20 Oct



Posted by: Brad Lockey

This week, OSFI (Office of the Superintendent of Financial Institutions) announced that effective January 1, 2018 the new Residential Mortgage Underwriting Practices and Procedures (Guidelines B-20) will be applied to all Federally Regulated Lenders. Note that this currently does not apply to Provincially Regulated Lenders (Credit Unions) but it is possible they will abide by and follow these guidelines when they are placed in to effect on January 1, 2018.

The changes to the guidelines are focused on
• the minimum qualifying rate for uninsured mortgages
• expectations around loan-to-value (LTV) frameworks and limits
• restrictions on transactions designed to work around those LTV limits.

What the above means in layman’s terms is the following:


The new guidelines will require that all conventional mortgages (those with a down payment higher than 20%) will have to undergo stress testing. Stress testing means that the borrower would have to qualify at the greater of the five-year benchmark rate published by the Bank of Canada (currently at 4.89%) or the contractual mortgage rate +2% (5-year fixed at 3.19% +2%=5.19% qualifying rate).

These changes effectively mean that an uninsured mortgage is now qualified with stricter guidelines than an insured mortgage with less than 20% down payment. The implications of this can be felt by both those purchasing a home and by those who are refinancing their mortgage. Let’s look at what the effect will be for both scenarios:

When purchasing a new home with these new guidelines, borrowing power is also restricted. Using the scenario of a dual income family making a combined annual income of $85,000 the borrowing amount would be:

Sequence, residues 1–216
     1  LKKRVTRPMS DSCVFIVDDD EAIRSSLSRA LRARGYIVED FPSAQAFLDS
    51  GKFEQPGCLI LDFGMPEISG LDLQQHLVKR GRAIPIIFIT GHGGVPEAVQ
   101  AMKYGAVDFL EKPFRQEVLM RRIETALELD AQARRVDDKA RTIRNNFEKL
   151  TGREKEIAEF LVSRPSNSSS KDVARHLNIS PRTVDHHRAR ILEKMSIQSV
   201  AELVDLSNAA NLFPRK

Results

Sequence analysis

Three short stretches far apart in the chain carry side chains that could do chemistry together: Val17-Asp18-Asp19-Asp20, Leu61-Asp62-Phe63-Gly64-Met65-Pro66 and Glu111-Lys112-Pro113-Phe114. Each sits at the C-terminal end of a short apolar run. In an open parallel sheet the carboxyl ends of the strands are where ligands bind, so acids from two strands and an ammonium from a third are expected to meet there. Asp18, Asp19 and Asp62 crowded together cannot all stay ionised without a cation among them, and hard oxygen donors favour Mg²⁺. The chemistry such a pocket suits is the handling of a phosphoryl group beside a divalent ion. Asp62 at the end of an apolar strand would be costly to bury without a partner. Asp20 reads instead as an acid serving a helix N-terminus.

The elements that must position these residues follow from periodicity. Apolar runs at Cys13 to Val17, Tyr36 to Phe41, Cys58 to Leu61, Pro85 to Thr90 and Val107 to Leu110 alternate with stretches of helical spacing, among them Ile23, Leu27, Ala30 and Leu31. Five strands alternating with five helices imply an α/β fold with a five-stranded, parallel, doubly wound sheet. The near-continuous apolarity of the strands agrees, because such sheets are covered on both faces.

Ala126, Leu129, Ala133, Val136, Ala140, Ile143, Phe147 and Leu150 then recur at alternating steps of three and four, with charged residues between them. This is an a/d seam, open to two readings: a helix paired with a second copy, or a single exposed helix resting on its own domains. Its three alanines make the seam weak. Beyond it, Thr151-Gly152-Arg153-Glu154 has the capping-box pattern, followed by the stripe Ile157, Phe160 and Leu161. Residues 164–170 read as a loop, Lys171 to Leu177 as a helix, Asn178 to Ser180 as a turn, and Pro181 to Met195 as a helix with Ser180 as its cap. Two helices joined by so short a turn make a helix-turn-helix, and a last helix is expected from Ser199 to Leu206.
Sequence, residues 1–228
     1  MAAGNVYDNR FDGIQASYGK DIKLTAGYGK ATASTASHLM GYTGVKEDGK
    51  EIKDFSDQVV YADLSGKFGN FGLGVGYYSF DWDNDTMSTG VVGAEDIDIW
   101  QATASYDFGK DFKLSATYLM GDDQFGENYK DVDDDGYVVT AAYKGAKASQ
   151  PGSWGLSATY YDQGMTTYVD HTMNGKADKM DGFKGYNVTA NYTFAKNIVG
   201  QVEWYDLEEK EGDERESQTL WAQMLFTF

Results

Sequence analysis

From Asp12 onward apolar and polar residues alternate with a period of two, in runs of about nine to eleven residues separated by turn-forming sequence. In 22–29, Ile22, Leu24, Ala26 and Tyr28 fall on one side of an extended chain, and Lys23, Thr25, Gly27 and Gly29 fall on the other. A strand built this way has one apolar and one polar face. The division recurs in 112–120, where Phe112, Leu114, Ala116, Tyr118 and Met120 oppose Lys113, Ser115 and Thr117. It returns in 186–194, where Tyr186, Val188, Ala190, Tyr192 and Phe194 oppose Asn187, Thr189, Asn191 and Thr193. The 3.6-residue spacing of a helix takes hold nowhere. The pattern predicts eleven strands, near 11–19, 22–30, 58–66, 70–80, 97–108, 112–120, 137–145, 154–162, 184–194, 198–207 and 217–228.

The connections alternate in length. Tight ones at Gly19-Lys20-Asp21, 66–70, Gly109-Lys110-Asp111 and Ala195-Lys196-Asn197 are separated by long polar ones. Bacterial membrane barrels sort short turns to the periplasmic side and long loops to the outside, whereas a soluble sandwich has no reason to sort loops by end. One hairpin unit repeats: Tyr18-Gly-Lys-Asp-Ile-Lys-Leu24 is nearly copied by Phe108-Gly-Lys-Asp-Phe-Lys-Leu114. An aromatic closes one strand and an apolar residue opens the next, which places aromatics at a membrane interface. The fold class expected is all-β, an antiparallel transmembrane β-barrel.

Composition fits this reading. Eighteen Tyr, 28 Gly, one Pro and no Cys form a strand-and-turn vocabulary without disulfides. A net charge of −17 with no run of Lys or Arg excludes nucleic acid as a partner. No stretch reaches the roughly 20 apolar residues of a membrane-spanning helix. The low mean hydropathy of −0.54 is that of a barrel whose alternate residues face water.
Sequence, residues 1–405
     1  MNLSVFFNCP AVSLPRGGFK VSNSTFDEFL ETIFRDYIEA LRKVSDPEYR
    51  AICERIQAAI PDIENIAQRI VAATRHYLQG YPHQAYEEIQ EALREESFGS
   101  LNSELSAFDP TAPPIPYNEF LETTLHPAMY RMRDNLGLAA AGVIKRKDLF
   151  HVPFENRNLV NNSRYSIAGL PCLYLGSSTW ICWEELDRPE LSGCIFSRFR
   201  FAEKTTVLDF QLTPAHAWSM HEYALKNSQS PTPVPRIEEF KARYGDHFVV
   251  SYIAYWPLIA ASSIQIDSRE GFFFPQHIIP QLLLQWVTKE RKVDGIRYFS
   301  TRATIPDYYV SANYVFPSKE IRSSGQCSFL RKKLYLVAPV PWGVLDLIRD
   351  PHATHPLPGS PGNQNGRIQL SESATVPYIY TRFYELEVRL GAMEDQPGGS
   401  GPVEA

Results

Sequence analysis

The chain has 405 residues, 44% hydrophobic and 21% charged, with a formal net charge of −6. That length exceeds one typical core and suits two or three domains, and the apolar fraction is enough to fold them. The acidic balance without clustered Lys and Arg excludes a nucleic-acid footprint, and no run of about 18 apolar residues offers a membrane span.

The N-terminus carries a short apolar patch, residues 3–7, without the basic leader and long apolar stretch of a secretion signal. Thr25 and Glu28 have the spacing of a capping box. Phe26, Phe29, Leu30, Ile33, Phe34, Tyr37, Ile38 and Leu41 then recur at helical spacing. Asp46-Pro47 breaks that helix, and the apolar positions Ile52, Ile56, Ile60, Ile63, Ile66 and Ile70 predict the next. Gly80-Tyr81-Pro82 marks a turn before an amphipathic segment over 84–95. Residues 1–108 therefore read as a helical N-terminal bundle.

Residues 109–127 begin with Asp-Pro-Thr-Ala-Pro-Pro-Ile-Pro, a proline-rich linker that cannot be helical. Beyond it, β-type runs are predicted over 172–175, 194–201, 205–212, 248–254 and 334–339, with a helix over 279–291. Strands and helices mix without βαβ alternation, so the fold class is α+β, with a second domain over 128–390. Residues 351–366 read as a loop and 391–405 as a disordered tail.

Current Lending Guidelines

Qualifying at a rate of 3.34% with a 25-year amortization and the combined income of $85,000 annually, the couple would be able to purchase a home at $560,000

New lending Guidelines

Qualifying at a rate of 5.34% (contract mortgage rate +2%) with a 25-year amortization and the combined annual income of $85,000 you would be able to purchase a home of $455,000.

OUTCOME: This gives a reduced borrowing amount of $105,000…Again a much lower amount and lessens the borrowing power significantly.


A dual-income family with a combined annual income of $85,000.00. The current value of their home is $700,000. They have a remaining mortgage balance of $415,000 and lenders will refinance to a maximum of 80% LTV.
The maximum amount available is: $560,000 minus the existing mortgage gives you $145, 0000 available in the equity of the home, provided you qualify to borrow it.

Current Lending Requirements
Qualifying at a rate of 3.34 with a 25-year amortization, and a combined annual income of $85,000 you are able to borrow $560,000. If you reduce your existing mortgage of $415,000 this means you could qualify to access the full $145,000 available in the equity of your home.

New Lending Requirements
Qualifying at a rate of 5.34% (contract mortgage rate +2%) with a 25-year amortization, combined with the annual income of $85,000 and you would be able to borrow $455,000. If you reduce your existing mortgage of $415,000 this means that of the $145,000 available in the equity of your home you would only qualify to access $40,000 of it.

OUTCOME: That gives us a reduced borrowing power of $105,000. A significant decrease and one that greatly effects the refinancing of a mortgage.


Mortgage Bundling is when primary mortgage providers team up with an alternative lender to provide a second loan. Doing this allowed for borrowers to circumvent LTV (loan to value) limits.